hath sufficiently informed us. And still the latter breaking was with more affront and indignity put upon the house and her worthiest members, than the former. Insomuch that in the fifth year of his reign, in a proclamation he seems offended at the very rumour of a parliament divulged among the people; as if he had taken it for a kind of slander, that men should think him that way exorable, much less inclined: and forbids it as a presumption to prescribe him any time for parliaments; that is to say, either by persuasion or petition, or so much as the reporting of such a rumour: for other manner of prescribing was at that time not suspected. By which fierce edict, the people, forbidden to complain, as well as forced to suffer, began from thenceforth to despair of parliaments. Whereupon such illegal actions, and especially to get vast sums of money, were put in practice by the king and his new officers, as monopolies, compulsive knighthoods, coat, conduct, and ship-money, the seizing not of one Naboth's vineyard, but of whole inheritances, under the pretence of forest or crown-lands; corruption and bribery compounded for, with impunities granted for the future, as gave evident proof, that the king never meant, nor could it stand with the reason of his affairs, ever to recall parliaments: having brought by these irregular courses the people's interest and his own to so direct an opposition, that he might foresee plainly, if nothing but a parliament could save the people, it must necessarily be his undoing.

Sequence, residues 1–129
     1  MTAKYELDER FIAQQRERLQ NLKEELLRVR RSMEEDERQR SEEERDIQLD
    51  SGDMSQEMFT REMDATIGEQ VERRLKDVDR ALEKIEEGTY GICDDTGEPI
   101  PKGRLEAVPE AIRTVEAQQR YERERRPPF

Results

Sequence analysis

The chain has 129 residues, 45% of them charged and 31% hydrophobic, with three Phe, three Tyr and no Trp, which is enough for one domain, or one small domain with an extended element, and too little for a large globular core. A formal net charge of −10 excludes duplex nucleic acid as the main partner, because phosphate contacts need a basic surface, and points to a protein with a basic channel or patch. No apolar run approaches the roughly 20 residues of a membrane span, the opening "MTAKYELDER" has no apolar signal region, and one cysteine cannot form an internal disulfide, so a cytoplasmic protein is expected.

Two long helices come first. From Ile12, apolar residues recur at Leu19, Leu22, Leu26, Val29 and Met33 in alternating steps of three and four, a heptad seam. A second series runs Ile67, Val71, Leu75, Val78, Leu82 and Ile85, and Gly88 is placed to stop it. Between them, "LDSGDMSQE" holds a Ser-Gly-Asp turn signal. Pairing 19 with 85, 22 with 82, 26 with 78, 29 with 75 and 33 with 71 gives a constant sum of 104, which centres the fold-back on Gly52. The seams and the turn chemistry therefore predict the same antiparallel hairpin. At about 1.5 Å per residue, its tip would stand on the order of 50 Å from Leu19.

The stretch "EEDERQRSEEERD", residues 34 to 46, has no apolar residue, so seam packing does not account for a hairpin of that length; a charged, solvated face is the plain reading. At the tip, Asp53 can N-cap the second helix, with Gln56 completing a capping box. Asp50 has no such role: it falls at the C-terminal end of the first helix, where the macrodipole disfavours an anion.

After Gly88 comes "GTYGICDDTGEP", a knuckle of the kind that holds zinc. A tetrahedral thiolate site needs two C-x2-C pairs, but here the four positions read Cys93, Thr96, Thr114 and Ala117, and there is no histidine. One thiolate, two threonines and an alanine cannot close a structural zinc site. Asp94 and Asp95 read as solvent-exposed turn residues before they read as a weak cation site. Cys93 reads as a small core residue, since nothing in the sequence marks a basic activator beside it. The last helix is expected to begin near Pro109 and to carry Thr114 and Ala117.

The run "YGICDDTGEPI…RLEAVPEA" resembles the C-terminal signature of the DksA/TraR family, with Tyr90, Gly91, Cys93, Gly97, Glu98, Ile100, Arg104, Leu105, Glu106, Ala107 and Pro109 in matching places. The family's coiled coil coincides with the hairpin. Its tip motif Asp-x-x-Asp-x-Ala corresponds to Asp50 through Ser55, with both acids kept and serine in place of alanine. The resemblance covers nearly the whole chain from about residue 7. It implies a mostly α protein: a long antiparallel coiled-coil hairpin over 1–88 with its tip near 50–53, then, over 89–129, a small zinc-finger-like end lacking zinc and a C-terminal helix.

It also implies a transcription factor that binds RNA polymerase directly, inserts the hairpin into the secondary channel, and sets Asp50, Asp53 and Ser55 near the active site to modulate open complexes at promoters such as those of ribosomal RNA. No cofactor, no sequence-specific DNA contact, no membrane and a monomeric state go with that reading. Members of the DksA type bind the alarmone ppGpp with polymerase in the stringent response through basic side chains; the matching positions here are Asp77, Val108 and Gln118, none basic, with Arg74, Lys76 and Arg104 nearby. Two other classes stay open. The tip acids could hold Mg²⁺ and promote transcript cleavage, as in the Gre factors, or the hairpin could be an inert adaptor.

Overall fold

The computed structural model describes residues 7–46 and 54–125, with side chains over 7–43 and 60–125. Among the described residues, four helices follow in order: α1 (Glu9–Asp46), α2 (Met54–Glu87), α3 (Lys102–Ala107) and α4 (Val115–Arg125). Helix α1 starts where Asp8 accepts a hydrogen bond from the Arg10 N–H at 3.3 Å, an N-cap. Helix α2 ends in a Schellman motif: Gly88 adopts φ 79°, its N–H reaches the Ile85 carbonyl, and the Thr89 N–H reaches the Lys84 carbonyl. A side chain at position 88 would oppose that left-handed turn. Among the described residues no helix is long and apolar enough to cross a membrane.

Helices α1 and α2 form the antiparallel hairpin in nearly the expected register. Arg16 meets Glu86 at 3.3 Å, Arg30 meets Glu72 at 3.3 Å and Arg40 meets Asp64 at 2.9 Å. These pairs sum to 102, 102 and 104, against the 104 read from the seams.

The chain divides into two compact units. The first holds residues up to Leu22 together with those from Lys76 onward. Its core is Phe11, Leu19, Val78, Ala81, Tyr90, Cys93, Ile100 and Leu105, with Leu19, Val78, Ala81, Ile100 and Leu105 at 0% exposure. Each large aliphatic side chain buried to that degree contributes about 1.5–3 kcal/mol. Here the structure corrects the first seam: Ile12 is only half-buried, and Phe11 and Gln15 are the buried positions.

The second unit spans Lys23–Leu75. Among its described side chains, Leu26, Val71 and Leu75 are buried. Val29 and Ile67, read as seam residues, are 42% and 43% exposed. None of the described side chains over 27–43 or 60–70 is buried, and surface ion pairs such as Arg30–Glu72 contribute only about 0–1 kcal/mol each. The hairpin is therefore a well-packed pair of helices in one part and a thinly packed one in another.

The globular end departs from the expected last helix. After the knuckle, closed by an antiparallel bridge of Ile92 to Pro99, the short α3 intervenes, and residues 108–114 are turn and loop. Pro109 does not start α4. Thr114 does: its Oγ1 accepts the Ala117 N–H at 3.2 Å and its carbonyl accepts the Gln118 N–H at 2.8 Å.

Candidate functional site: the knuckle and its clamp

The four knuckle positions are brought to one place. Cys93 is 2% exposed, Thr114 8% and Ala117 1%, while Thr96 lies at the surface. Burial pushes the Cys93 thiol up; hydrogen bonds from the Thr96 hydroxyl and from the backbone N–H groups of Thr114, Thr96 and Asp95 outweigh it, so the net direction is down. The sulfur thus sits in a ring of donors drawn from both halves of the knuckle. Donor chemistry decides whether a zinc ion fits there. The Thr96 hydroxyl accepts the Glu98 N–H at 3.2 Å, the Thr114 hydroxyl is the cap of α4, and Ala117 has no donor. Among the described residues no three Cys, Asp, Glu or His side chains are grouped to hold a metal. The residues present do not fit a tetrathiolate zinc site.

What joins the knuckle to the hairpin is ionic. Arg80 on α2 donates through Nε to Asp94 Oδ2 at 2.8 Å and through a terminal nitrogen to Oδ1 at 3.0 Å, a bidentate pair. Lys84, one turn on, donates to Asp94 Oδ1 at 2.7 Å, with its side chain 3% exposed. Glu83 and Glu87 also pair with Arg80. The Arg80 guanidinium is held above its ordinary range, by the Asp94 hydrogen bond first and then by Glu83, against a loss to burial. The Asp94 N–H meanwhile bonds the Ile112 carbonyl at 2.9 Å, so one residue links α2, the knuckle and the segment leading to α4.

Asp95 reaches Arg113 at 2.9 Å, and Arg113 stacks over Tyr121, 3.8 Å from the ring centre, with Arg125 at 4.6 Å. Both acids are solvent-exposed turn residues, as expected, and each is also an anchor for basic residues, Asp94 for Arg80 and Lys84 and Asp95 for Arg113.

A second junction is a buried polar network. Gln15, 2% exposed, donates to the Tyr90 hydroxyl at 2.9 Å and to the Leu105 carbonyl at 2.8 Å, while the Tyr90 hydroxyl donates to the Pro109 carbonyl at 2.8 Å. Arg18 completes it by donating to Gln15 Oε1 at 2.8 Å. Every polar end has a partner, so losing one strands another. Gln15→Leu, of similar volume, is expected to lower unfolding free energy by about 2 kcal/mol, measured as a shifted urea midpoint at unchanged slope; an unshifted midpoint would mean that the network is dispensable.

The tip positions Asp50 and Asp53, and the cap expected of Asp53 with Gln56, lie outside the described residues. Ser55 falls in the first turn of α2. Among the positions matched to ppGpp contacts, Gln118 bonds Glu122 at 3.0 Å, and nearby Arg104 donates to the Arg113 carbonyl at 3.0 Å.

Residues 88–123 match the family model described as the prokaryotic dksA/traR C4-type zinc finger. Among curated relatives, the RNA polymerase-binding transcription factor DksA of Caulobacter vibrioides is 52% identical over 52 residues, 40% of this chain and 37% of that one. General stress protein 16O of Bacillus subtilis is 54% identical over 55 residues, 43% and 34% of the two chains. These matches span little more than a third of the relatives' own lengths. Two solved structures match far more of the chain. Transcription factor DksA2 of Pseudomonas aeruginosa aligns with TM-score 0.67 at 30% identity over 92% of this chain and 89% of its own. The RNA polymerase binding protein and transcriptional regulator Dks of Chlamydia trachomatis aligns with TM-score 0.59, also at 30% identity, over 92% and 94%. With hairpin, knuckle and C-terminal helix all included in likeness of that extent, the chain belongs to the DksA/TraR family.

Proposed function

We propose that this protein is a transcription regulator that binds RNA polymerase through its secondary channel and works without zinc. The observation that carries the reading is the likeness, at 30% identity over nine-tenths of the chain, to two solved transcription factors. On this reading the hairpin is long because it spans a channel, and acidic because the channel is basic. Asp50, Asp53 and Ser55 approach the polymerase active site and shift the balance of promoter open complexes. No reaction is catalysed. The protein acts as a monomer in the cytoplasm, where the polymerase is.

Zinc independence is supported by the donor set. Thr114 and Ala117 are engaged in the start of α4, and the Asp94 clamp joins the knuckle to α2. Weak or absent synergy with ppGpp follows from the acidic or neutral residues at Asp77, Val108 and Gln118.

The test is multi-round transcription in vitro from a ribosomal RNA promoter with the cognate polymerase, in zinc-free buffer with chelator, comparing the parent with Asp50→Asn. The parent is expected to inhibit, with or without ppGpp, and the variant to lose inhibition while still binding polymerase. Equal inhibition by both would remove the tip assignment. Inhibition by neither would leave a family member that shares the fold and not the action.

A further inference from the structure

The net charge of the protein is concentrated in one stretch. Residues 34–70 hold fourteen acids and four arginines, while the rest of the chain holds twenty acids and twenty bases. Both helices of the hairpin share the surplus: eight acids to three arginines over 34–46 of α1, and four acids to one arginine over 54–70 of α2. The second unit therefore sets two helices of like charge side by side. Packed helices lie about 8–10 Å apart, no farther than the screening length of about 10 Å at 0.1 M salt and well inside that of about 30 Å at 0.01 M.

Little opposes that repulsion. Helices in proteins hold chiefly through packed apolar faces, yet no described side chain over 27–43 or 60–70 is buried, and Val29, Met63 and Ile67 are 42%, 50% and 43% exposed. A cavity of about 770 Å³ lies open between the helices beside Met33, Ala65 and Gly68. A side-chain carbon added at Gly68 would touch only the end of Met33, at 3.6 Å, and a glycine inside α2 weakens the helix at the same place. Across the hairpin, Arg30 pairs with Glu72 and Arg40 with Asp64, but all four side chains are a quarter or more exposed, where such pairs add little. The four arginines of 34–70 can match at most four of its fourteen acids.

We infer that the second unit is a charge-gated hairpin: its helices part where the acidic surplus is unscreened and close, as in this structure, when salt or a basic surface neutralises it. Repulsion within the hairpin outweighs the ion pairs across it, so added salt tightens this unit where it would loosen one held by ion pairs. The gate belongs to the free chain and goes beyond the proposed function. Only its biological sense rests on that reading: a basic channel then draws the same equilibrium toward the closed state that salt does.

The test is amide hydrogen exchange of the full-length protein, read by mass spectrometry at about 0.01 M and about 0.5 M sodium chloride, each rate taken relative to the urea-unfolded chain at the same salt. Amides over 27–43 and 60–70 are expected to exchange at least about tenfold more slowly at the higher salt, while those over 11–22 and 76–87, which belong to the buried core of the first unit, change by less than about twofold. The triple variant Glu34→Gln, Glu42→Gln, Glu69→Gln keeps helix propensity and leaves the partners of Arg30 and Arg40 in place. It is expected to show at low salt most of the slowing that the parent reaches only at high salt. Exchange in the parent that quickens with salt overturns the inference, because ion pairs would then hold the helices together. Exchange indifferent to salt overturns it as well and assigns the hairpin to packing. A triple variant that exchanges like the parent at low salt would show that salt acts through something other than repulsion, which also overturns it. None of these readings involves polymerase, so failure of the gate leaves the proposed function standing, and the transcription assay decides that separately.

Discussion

Till eight or nine years after, proceeding with a high hand in these enormities, and having the second time levied an injurious war against his native country Scotland; and finding all those other shifts of raising money, which bore out his first expedition, now to fail him, not "of his own choice and inclination," as any child may see, but urged by strong necessities, and the very pangs of state, which his own violent proceedings had brought him to, he calls a parliament; first in Ireland, which only was to give him four subsidies and so to expire; then in England, where his first demand was but twelve subsidies to maintain a Scots war, condemned and abominated by the whole kingdom: promising their grievances should be considered afterwards. Which when the parliament, who judged that war itself one of their main grievances, made no haste to grant, not enduring the delay of his impatient will, or else fearing the conditions of their grant, he breaks off the whole session, and dismisses them and their grievances with scorn and frustration.